His first edition combined local Fort Wayne art, poetry and prose. He also published my journal of a cross country trip I’d taken in a Lincoln Mark IV. Future editions evolved from including me to being solely about me.

One of the high points of  life in my early San Francisco days was the mail. Every couple of weeks I would get a package from Jim containing long letters, stories, magazines, cassette tapes or photos. I sent the same back to him. He said he waited for the mail “like some wait for god.”

White Arms was primitive and raw. Our primary pre-computer age tool was the xerox machine which we used whenever we could scrounge up enough dimes. If we had a really good idea and could come up with more money, we’d do something on a high speed press. Otherwise it was pretty low grade.

When we were together in Fort Wayne, we used the time to strategize at Henry’s, do photos, or make guerilla theatre appearances that could be turned into material for the magazine. Our stories were based on truths, half-truths, and untruths. If it fit the image we printed it.

The November 22, 1976 Edition
The November 22, 1976 Edition

My drag name was B. I was so famous they named the second letter of the alphabet after me.

Whenever I made an appearance or was photographed I could come across as soigne or remote. But get me involved in a conversation and the crude mannerisms mixed with the mouth of a Longshoreman quickly destroyed the image. I loved to keep people guessing.

Unlike some drag queens I had no desire to be a woman. I just wanted to capitalize on the fact that I could look like one. I was young, androgynous, skinny but fine boned, and had good skin. It did not take much in those days to get me looking good. But I had no falsetto and no act. A friend’s six year old daughter once told her, “when guys get in drag they start acting funny and silly. But when B gets in drag he doesn’t change.”

It took a couple years of coaxing but I finally convinced Jim to visit me in San Francisco. Rather than a brief vacation he turned it into a major expedition. Greyhound offered a 30 day Kennel Club Pass that allowed unlimited bus travel. He took his time traveling via Austin, Taos, and Santa Barbara, stopping to see his new Zine friends who he hoped to interview.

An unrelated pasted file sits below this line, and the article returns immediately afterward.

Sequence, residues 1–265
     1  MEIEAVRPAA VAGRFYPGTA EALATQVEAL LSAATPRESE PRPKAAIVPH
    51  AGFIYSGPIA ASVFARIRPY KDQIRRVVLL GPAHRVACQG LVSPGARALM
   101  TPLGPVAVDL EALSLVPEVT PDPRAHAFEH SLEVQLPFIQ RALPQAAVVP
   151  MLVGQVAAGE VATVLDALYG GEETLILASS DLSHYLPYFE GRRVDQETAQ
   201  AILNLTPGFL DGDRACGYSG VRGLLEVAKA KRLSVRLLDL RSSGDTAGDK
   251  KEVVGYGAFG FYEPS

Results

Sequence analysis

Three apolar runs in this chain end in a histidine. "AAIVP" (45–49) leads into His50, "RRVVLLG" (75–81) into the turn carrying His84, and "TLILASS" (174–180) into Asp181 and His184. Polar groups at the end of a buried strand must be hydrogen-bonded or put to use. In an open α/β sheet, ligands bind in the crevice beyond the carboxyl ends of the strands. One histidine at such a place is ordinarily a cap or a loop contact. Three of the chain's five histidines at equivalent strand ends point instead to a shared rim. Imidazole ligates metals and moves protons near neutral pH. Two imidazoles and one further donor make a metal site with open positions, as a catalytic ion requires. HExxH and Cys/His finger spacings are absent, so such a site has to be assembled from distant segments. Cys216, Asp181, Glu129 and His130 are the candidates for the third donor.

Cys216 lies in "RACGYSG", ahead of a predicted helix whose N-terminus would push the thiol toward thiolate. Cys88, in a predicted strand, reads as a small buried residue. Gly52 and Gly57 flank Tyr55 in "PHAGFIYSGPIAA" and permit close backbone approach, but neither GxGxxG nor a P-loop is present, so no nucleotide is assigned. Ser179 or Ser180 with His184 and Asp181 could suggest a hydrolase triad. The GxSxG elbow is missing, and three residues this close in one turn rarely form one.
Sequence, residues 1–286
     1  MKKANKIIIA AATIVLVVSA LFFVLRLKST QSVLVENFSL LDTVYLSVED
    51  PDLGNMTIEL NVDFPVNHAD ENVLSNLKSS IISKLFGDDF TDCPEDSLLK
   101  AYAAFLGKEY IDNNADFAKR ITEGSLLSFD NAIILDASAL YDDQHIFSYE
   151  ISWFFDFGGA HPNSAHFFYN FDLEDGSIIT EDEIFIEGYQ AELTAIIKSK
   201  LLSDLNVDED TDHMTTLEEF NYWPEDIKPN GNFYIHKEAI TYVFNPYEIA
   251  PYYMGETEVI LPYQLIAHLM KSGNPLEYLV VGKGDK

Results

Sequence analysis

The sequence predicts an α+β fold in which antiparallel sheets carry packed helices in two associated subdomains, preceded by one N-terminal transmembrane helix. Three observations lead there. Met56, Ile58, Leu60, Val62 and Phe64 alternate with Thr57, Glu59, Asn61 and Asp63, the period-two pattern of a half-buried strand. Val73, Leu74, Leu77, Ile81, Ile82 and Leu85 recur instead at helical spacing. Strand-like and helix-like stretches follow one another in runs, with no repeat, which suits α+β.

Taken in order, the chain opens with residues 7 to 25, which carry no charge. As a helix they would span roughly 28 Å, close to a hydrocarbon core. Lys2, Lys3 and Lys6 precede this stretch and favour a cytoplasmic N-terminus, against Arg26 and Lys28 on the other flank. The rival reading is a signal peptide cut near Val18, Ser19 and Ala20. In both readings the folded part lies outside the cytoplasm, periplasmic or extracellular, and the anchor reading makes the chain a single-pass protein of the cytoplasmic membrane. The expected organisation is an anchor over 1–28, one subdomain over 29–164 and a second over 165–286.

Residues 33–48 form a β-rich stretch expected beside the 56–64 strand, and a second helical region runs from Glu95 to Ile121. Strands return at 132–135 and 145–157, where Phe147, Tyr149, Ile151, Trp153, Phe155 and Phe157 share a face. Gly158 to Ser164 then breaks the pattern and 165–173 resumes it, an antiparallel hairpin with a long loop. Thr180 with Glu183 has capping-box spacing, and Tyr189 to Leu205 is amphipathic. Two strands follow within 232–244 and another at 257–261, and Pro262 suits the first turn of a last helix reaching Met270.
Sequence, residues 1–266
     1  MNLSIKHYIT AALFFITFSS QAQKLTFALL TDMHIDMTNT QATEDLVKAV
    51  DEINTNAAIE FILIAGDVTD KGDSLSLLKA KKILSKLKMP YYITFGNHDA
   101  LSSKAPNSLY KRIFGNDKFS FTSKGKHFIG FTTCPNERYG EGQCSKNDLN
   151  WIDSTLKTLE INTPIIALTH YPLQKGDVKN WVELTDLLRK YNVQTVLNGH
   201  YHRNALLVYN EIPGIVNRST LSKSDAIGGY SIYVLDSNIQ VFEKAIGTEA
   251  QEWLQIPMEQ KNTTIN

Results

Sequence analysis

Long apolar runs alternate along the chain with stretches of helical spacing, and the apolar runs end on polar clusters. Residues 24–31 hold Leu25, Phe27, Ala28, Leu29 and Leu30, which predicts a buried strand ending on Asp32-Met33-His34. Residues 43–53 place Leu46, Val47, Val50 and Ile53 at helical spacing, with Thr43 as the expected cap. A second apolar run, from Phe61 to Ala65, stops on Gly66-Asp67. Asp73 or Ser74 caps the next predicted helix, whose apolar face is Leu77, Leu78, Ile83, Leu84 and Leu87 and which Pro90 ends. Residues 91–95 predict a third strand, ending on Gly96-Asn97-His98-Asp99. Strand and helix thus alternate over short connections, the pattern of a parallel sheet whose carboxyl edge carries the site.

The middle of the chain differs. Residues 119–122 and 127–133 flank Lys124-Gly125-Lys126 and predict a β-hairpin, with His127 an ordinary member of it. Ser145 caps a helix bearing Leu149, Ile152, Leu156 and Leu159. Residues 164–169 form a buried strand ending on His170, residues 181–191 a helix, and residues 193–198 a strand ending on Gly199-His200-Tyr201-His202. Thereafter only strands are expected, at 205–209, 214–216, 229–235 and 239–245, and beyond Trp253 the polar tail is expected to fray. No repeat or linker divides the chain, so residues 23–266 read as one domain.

When he got to San Francisco we did all the sightseeing basics. Things you only needed to do once in your life, like Fisherman’s Wharf, and those you had to do habitually like Castro Street

Hanging at the Hound with Tacky Jackie
Hanging at the Hound with Tacky Jackie

The night we went to North Beach we drank French 75s at the Savoy Tivoli. Afterwards we walked the flatter streets back to the Financial District. Muni was on strike, there were no buses and I wasn’t going to climb that hill.

At the base of California Street I stuck out my thumb. A black stretch limo pulled up and asked where we were headed. “Just to the top of the hill.” They said hop in.

Our host was Mayor Alioto.  He talked about all the headaches he was having with Muni and the fits the dig on Market Street was causing him. I was usually confrontational with authority in those days but Jim said I remained the model of decorum telling him, “these things take time. It will all work out in the end.” In my own humble, megalomaniac way I may have saved BART.

Jim stayed with me a couple of weeks then headed off to Guerneville and Santa Cruz. He returned to the City then it was time to go home to Indiana. He bought another Kennel Pass and made plans to travel via Oregon, Boulder, and Iowa.

On the day he left we had an awkward face off. We stood for a moment struggling to say goodbye. Then KSAN played Wild Horses. We looked at each other and laughed. He took off.